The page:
MDES student Carly James has new and exciting directions to take her research on the road in the upcoming J-term as a result of advice and connections from Loeb Fellow Brett Moore. She'll be sharing her progress in the LOEBlog.
What does success look like to you? With a new wave of impact investment eclipsing traditional foreign aid in the developing world, investors are demanding that local organizations demonstrate the ways in which their money is having an impact. Impact assessments are a way to understand the change an intervention, for example a development project, has made in a community. Typically, they are conducted at the close of a project, when practitioners look back to see how the baseline data and their original intentions line up with the local community’s current experience. It also has a forward facing perspective that inherently provides lessons learned to inform future projects. Conventional methods for understanding impact are donor-driven, following a framework that attempts to isolate impact and asks how the project has generated it. The impact measurement and evaluation tools we have now tend to be rigid and formal, and yet they are rarely used the same way twice. Rather than validating the routine activities of a project, how can design take on the agenda of telling the human story of impact?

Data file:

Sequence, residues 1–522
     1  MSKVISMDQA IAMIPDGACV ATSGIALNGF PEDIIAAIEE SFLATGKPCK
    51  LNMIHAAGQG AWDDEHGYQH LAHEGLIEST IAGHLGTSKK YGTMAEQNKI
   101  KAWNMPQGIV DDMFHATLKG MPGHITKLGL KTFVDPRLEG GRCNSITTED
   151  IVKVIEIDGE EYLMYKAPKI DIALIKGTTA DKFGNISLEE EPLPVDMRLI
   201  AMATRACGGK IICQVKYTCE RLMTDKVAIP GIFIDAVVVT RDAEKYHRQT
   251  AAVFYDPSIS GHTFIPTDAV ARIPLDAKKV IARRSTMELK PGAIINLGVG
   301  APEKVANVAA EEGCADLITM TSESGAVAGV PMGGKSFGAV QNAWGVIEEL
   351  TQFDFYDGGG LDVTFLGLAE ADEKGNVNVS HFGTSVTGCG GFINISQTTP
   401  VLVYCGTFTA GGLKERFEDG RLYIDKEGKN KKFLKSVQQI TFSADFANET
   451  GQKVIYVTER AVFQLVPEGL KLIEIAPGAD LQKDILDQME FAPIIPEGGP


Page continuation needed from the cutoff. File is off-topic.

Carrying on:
It was over a September afternoon coffee that Brett Moore and I discussed our shared interests in design as a mechanism for social impact. We discussed potential opportunities for collaboration, considering our parallel experiences working with designers in Australia and in the developing world. When classes began in August, I had just made a cross-continental move to Cambridge from Canberra, Australia, where I had been working for a strategic design firm called ThinkPlace. ThinkPlace specializes in complex systems design: using a design thinking approach to improve the human experience.
I began working at ThinkPlace shortly after finishing a Master’s degree in anthropology. My Master’s fieldwork had taken me to East Africa, where I conducted months of ethnographic research that looked at debt as a social category rather than an economic one— what does it mean when a friend grants a favor now to be repaid later? Understanding debt as a form of social capital led me to consider how it could also signify resilience. During my research, I had crossed paths with a ThinkPlace employee who was based in Nairobi. I became fascinated by her stories about how design could be used to solve complex problems, such as making communities more resilient. Moreover, I saw how design could activate and apply anthropological research–that is, what it meant for immersive human research to inform ”good design.”
Because my pathway to the MDes Risk & Resilience program was through systems thinking and human-centered design, I was hoping to continue researching the capacity for finance to enhance resilience in people’s lives. In order to do so, however, I began thinking about how the slippery conceptual terrain of resilience itself could be better defined, and if it could in fact be defined, how it could be assessed in practice.